Travel would be the core of everything. Any physical, spiritual, or creative exploration would happen through it. It was my framework. And I’d wanted to travel around the world my entire life. I always thought I’d do it my 20s… then 30s… and then and then… nada. So you better believe it was going to happen now in my 40s. This is it.

Other than this, I set as my intention: Follow your passion for travel and photography and feast on the most beautiful things in the world. See what happens when you take the considerable time and energy you’ve put into your job in the prime of your life into your creative work. Follow that drive. Improvise. Seek out beauty and excellence. Find inspiration and let it inform what work you want to do in the future.

Around this time, I was coming back to life creatively: I had more time to walk about feeding my love of street photography, and I started writing articles on Medium on topics that it inspired in me, like public privacy. I’d suddenly be consumed with a need to write, and I’d sit sweating in my hot west-facing summer apartment all day with words pouring out of me, forgetting to eat and totally in the flow. To my surprise, most of these articles were picked up for reprint in online photography magazines. It was heady and thrilling, and also deeply vulnerable, as the work out there being praised and criticized could not be more personal: my words with my photos. As a designer, critique is central to my professional life, but this was a new and powerful exposure. I could feel my voice growing stronger.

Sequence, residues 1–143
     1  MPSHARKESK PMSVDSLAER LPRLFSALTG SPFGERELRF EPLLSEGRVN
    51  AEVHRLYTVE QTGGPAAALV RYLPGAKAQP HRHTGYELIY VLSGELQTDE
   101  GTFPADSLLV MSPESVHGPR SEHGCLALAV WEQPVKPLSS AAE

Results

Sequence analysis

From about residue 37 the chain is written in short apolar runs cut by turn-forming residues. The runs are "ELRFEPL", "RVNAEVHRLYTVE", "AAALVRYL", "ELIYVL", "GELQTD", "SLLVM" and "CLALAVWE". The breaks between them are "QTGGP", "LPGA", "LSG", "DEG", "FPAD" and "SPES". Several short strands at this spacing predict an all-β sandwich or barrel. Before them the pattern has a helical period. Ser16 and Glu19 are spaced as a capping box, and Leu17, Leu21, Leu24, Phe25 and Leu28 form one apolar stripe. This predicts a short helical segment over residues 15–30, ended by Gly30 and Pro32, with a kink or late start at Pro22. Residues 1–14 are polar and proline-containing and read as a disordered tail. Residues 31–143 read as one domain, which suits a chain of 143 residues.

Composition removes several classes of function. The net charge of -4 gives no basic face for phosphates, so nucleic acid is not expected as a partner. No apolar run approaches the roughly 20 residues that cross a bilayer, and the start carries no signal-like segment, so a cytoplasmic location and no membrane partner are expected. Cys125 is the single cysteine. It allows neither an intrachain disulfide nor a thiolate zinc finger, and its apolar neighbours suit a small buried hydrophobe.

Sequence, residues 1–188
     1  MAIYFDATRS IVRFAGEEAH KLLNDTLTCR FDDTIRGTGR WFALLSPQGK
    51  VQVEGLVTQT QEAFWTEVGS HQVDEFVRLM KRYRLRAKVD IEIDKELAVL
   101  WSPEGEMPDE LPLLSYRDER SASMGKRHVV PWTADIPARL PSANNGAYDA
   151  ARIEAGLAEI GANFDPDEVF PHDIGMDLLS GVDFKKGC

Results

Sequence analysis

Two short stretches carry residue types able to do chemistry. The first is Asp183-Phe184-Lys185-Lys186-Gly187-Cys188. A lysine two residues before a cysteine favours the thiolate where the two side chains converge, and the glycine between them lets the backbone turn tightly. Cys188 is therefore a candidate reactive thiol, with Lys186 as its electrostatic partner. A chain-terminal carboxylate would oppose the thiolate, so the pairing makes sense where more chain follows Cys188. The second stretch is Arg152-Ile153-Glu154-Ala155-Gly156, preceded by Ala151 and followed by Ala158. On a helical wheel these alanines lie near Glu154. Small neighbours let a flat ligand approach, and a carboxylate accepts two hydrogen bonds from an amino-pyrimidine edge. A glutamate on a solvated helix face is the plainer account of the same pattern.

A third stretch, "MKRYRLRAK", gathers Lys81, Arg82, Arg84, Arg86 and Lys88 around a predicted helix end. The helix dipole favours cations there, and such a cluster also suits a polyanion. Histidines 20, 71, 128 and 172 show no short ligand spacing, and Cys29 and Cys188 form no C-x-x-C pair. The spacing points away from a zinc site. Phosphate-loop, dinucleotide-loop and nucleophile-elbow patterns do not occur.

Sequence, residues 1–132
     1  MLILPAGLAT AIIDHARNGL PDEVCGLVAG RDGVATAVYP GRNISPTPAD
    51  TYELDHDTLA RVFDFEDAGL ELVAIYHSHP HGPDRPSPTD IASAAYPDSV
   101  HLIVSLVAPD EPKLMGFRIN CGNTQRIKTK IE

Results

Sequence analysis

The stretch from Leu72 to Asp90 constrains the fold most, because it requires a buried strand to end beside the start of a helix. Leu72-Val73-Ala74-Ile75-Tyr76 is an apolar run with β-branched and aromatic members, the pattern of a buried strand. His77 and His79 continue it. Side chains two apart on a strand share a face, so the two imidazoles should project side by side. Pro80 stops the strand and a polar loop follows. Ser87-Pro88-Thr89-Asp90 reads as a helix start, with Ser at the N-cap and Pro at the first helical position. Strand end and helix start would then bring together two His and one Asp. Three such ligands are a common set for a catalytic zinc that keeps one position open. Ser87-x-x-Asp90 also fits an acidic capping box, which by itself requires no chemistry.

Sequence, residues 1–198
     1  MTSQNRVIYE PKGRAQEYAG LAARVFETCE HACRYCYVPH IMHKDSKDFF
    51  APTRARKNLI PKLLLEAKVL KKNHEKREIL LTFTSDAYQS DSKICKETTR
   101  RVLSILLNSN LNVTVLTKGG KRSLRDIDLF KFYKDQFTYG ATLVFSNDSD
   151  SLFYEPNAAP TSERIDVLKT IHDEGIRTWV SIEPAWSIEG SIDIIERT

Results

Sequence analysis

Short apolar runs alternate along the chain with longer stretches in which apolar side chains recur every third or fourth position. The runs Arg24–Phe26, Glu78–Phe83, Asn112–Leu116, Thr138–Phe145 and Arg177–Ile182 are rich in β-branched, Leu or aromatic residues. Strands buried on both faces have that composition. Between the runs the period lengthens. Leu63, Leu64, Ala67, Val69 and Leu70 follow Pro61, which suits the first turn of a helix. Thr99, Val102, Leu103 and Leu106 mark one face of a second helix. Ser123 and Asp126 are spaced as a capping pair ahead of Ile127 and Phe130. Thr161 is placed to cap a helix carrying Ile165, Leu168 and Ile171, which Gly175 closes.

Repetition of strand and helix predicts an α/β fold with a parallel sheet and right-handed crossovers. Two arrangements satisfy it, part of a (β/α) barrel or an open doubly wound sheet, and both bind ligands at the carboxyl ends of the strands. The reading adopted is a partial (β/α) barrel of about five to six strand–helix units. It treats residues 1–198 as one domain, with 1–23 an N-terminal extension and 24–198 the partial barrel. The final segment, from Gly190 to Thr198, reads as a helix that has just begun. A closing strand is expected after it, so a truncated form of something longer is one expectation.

It was July 2016. I’m obsessed with Japan and knew I wanted to go there for a month(!), so I just sort of picked a random set of dates post-monsoon and pre-cold weather (and the U.S. election): September to October. Then I randomly found a must-must-must-have Airbnb rental, that was non-refundable, and just went for it. There. I was doing it. This was happening. Omg.

While still employed, I’d already planned (and paid for, thankfully) a vacation to Iceland with my girlfriend in August. One day I was researching and looking at a map of Iceland and zoomed out a bit: Europe is right there. A few cheap-o discount carrier flight searches later, I decided: Fuck it. I’m not coming home after Iceland. I’m going around the world.


Stay tuned! Coming soon: How to Sabbatical, Pt. 2: F*ck It, I’m Going Around the World and How to Sabbatical, Pt. 3: What I Learned + Re-Entry.